Seeing a physical therapist is so much more than just healing you from pain. A PT that specializes in endurance athletes, triathletes, runners, cyclists or swimmers can help improve your performance overall while you're still trying to compete and trying to work towards your new goals.  The benefit of seeing a physical therapist in addition to having a coach can help with your training. We often work together with coaches to make sure you have the best of both worlds. For those aches and pains or injuries, we're there as the athlete's pit crew (just like NASCAR) to "change your tires and change your oil". We're here to make sure that they stay healthy while we're working on improving performance.


From amateurs to elite athletes, my work is in trying to find those little gaps in their performance.  I observe their running form (oftentimes using video to monitor this). I'm always looking at all views- from the front view, side view and back view- to see if there's anything that could be breaking down your form that could lead to a potential injury or an issue with your performance. I'm always looking afterwards with the video. Observing what's going on the knee for anything that could be affecting your from the time that you make contact with the ground all the way up to the top of your shoulders in the top of your head.  From here, we create a personalized and comprehensive plan for race day.

For cyclists, I observe their cycling form and I assess areas that need work- including gaps in their stability, their strength or their power.  We work on specific activities like a lateral bear walk with the weight pull through, or we can do a walking lens with the weight overhead to work a little bit on leg strength while working on core stability. And then we can also work a little bit more on power by doing these accelerations of power jumps while going off of a step in order to make sure that you are getting those gaps filled and making sure that you're getting to the maximum performance that you possibly can.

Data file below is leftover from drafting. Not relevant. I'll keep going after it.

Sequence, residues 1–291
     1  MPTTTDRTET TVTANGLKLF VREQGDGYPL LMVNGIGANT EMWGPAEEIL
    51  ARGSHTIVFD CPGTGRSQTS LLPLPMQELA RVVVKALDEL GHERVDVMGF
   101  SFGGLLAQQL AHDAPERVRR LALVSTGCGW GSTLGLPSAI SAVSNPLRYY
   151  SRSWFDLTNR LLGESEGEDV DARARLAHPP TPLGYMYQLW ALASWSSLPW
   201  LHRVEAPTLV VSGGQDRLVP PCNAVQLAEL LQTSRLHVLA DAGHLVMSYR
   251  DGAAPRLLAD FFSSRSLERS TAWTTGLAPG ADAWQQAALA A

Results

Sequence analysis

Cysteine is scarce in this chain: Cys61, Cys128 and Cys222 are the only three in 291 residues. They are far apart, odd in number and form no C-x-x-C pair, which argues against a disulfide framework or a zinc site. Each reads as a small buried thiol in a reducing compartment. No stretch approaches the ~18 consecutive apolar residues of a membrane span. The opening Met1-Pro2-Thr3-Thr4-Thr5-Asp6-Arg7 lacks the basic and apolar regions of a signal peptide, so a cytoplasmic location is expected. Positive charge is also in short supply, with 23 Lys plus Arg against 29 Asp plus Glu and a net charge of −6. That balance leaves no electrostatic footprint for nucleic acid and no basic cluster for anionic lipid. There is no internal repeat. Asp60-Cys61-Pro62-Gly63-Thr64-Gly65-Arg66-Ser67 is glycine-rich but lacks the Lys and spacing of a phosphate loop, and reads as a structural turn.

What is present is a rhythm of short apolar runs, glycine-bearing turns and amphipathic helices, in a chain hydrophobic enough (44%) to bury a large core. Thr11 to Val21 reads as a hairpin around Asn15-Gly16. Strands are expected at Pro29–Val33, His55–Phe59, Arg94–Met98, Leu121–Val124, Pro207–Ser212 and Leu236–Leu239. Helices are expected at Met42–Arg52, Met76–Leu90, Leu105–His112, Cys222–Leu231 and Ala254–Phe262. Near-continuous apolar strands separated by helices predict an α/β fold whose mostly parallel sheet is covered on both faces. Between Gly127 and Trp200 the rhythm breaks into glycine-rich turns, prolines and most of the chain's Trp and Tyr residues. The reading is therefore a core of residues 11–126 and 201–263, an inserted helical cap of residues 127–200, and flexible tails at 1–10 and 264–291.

Some of my clients train ahead of time during the winter season is going to be enough for them when they go on for their first race. Others begin training shortly before their next race or even in the middle of racing season.  Breakdown can happen any time. I usually have my athletes train as much as possible without irritating anything that's still irritated. Also,  continuing to work with them in order to improve their performance and improve that achiness or pain that they're dealing with so that they can continue racing and they continue training without having to stop.


I'm always a big believer in not stopping unless we absolutely have to.  At the same time, I always like to redirect what your training is, so that you're able to continue getting some benefit from what you're doing without having to completely shut down. When prepping for your races, make sure that you're not only consulting your trusted specialist for your endurance training, but also making sure that you're getting enough SLEEP. That means the recommended six to eight hours- making sure you're keeping your stress level in check; making sure that you're not forgetting your strength and getting in your flexibility and mobility on top of your training. I know that can be very difficult, but it is very necessary for all of those things. And if you are getting ready for race day, make sure that you're doing the appropriate (and enough) training. And if you're not sure, make sure you ask me.